Joining a mastermind group has been part of many successful entrepreneurial schedules. From the likes of Benjamin Franklin, Thomas Edison, and Henry Ford to Bill Gates, gathering with like-minded business owners has been a hallmark of rewarding undertakings.
Initially coined by Napoleon Hill of “Think and Grow Rich” fame in 1925, mastermind groups have stood in the gap as a method for finding solutions—brainstorming, if you will—to common business challenges.
Tapping into the “wisdom of crowds” lends itself to uncovering previously hidden angles and more suitable solutions than those conjured up by one self…not to mention opportunities to accelerate life-long learning.
The Great Expectations
You may anticipate several opportunities when joining a mastermind group. Among the probabilities are…
- Accountability: The regularity of the group meetings, sharing commitments, and reporting progress (generally 1-2X per month) creates a structure of responsibility.
- Collaboration: Goals are accomplished more easily through mutual cooperation, contribution, and respect.
- Feedback: The willingness to give and receive advice forms a basis for—and enhances—improvement. After all, growing your small business in a silo is bad for business.
- Resources: Tools such as workbooks, checklists, and information are readily available to strengthen your business.
- Support: Progress towards goals is more manageable with encouragement, help, perspective, and advice.
- Facilitation: A well-run meeting guides productivity and success for it’s participants.
- Structure: Each meeting is organized and optimized around a specific agenda that creates flow and reduces the risk of chaos, confusion, and running overtime.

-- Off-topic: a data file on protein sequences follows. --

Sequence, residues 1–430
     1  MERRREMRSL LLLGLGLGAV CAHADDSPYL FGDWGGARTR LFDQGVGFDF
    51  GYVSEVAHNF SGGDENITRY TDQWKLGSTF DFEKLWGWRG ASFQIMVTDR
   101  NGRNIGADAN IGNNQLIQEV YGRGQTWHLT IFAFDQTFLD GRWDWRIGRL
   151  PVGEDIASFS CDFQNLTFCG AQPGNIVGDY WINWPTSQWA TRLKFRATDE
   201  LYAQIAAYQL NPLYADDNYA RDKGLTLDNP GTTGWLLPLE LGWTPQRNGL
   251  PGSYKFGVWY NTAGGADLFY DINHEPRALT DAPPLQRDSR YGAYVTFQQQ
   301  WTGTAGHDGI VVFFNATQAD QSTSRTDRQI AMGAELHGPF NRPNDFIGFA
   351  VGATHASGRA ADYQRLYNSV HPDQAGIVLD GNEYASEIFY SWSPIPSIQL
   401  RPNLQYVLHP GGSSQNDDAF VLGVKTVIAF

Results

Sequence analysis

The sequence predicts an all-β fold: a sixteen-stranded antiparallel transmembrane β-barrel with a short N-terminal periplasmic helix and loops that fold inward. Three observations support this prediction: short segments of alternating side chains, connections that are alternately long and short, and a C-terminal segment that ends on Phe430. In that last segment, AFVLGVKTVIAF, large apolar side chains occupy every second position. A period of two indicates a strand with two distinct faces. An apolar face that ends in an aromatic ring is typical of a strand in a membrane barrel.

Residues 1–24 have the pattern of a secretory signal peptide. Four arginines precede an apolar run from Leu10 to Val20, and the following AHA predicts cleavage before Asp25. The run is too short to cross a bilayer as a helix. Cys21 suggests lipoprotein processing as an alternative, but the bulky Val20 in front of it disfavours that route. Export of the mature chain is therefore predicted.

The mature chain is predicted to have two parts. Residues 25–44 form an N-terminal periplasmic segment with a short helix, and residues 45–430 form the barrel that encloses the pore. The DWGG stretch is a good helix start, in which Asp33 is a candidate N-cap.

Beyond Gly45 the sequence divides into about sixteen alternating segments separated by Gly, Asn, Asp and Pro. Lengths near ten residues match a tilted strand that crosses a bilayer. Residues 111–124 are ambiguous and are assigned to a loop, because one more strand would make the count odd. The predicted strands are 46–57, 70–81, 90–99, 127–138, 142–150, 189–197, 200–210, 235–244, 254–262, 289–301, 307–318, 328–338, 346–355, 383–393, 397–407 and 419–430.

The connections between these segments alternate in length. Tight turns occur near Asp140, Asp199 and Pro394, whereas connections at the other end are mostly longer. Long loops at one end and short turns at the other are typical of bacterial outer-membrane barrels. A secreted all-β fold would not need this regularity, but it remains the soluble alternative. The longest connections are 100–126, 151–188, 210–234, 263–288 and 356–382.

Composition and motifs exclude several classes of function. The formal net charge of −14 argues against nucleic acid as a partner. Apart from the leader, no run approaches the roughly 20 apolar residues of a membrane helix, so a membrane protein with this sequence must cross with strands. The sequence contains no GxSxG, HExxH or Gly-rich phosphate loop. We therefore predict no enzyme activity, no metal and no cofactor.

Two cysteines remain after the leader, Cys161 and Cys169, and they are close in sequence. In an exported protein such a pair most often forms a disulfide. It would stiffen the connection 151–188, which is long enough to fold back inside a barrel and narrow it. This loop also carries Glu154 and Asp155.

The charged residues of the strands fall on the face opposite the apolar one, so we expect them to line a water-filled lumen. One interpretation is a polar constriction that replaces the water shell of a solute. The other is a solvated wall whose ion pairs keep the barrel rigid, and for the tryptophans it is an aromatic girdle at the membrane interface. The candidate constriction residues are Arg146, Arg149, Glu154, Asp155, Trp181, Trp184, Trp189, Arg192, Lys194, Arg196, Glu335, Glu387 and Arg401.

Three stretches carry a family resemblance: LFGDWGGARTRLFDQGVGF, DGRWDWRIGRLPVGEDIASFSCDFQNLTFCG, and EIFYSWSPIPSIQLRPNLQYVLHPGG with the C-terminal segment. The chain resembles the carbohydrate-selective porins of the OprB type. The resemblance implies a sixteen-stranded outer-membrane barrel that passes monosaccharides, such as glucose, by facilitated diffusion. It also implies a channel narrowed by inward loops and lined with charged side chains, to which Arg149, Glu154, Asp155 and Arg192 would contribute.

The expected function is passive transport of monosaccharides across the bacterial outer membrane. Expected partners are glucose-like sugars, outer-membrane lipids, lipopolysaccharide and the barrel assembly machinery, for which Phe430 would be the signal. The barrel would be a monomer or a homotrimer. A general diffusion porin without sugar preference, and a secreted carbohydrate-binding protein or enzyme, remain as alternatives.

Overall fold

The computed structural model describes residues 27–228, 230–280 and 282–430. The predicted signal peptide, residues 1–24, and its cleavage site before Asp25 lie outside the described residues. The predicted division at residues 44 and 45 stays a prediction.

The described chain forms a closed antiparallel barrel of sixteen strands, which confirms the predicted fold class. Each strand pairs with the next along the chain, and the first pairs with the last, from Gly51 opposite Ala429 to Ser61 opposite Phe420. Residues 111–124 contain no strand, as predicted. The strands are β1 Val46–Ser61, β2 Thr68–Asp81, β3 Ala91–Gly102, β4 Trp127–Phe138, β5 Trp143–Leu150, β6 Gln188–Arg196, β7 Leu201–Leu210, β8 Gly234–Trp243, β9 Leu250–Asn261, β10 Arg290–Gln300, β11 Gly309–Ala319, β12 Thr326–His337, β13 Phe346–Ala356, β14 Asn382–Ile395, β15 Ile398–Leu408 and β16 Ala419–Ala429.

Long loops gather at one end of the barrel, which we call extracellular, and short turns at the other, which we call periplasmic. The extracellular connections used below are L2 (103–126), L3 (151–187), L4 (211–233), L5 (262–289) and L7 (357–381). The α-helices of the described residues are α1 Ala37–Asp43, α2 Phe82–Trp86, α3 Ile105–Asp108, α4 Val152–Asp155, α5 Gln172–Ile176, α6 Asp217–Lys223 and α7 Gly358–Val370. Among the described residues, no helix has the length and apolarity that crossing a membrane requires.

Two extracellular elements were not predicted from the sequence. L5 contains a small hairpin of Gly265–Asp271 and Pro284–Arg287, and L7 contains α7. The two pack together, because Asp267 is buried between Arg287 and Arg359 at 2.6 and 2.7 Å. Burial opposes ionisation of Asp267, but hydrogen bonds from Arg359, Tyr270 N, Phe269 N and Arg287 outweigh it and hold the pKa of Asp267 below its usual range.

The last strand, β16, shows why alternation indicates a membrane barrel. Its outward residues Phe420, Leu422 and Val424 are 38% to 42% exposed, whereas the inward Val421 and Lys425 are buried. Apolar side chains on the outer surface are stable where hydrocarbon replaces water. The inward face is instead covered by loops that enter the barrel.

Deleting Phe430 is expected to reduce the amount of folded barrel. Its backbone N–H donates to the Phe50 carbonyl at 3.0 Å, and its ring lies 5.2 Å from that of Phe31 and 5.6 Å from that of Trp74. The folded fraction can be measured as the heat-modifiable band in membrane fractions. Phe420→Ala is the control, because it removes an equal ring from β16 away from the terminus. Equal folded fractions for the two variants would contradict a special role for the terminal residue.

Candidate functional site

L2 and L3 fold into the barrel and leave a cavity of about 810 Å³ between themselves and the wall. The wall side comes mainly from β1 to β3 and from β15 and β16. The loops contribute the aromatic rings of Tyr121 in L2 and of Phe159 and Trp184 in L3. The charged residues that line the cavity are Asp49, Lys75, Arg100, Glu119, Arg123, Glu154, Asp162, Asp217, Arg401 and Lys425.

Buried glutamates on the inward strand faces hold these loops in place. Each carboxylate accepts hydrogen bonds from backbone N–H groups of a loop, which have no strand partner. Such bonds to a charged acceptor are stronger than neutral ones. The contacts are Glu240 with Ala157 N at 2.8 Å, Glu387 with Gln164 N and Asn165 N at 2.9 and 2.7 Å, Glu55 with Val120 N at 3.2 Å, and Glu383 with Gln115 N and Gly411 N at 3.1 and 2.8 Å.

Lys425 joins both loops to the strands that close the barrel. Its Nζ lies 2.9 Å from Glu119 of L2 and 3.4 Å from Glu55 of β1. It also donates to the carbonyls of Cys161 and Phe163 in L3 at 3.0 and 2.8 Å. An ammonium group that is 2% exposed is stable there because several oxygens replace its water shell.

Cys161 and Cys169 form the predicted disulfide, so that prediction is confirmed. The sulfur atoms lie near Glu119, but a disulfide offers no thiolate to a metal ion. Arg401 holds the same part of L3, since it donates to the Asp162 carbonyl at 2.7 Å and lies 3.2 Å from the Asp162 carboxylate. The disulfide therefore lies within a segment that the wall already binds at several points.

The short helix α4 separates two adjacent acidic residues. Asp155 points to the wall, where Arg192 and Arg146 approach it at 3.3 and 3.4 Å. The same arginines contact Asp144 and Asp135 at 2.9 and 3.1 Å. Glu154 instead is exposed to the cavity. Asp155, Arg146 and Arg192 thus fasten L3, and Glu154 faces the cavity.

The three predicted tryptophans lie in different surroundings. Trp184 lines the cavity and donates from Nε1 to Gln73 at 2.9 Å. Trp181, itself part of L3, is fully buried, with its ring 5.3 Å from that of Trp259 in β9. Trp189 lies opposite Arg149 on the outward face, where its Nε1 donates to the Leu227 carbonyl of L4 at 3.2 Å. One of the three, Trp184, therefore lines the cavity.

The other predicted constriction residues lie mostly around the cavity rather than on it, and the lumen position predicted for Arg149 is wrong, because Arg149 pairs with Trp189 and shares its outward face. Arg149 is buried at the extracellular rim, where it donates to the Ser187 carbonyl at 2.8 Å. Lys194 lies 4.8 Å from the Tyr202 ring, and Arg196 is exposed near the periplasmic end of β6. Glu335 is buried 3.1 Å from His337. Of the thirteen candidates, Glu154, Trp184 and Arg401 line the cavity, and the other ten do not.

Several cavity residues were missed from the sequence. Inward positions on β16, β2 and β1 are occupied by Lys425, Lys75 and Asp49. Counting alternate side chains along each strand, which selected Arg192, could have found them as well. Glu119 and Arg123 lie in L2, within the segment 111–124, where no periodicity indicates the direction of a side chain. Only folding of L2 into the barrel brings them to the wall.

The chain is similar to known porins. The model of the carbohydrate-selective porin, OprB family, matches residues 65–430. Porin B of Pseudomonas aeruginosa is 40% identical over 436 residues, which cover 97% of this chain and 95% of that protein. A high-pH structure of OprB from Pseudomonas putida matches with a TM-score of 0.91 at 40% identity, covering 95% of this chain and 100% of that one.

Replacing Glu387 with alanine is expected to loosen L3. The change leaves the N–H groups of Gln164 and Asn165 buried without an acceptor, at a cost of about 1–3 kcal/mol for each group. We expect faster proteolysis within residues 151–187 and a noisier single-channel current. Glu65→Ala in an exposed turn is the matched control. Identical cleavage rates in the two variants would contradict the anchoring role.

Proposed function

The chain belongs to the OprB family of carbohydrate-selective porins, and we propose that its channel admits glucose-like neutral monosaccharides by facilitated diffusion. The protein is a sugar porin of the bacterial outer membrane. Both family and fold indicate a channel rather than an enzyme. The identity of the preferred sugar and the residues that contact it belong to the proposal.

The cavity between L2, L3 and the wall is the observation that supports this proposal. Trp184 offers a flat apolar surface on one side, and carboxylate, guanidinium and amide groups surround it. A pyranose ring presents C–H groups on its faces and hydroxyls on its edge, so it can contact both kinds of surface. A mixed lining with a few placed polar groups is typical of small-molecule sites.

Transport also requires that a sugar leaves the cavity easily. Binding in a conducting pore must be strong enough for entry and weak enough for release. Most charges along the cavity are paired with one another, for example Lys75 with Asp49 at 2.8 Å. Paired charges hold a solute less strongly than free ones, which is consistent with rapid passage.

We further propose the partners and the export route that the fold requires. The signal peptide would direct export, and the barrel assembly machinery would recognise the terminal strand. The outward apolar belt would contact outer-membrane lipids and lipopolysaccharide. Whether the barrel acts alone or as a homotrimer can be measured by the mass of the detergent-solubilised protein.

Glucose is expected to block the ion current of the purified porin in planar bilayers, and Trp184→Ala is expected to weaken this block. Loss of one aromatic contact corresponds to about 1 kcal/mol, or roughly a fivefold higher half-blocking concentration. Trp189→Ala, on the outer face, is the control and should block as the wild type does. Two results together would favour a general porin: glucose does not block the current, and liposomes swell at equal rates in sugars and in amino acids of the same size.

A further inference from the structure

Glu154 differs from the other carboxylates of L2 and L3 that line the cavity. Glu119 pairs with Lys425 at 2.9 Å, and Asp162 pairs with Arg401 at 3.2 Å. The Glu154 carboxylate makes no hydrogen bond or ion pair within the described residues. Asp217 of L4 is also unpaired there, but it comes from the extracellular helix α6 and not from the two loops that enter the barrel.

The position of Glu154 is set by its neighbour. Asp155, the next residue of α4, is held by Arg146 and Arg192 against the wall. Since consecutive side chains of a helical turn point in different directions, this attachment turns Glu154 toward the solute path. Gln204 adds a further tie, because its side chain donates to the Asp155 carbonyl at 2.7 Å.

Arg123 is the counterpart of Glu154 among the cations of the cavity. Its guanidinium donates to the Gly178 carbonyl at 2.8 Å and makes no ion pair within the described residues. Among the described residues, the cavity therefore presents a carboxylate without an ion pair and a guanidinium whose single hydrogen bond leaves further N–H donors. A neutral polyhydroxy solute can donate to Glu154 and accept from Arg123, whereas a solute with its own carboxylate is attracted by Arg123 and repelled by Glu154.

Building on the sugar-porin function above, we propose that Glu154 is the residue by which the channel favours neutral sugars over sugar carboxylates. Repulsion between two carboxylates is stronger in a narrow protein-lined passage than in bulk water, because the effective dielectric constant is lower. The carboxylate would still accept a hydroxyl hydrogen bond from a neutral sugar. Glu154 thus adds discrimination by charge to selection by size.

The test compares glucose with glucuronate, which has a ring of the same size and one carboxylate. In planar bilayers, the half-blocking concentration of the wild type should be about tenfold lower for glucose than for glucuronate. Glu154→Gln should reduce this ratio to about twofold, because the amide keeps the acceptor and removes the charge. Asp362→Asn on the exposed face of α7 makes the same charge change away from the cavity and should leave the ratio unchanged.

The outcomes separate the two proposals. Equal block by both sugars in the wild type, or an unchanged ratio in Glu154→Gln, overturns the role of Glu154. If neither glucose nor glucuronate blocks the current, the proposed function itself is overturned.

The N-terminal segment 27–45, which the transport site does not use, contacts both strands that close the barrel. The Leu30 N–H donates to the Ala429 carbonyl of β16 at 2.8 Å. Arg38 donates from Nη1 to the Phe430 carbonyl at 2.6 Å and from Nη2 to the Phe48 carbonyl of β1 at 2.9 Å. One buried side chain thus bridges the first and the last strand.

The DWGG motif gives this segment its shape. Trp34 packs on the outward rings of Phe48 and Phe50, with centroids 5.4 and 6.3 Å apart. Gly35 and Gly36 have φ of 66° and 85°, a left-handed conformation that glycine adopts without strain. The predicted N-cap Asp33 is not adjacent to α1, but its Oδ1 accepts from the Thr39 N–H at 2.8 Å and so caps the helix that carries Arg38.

These expectations are foundational to the most successful mastermind groups.
Finding Your Perfect Match
As the appetite for new ways of working together grows, joining a mastermind group that is a fit for your business requires forethought and due diligence.
Logistics like location, time, and cost are important to take into consideration; however, you’ll find they are less likely to influence fit or your satisfaction.
Here are a few questions to ask to ensure the group meets your unique work style and needs:
- What are you looking to achieve through the mastermind group?
- Who is facilitating the group (i.e., experienced facilitator or member of the group)?
- What is the proposed structure of the group meetings (i.e., free-for-all or coordinated)?
- What support is available between scheduled meetings?
- What arrangement is available for connecting with members of the group outside the meetings?
- What is the primary focus of mastermind group (i.e., general or specific emphasis)?
- Who does the group target (i.e., size of business, time in business, # of employees)?
- What types of resources, if any, are made available to members of the group?
Jim Rohn, author, entrepreneur, and motivational speaker, once said, “You are the average of the five people you spend the most time with.”
Doesn’t it make sense to join a mastermind group that enhances you and your business?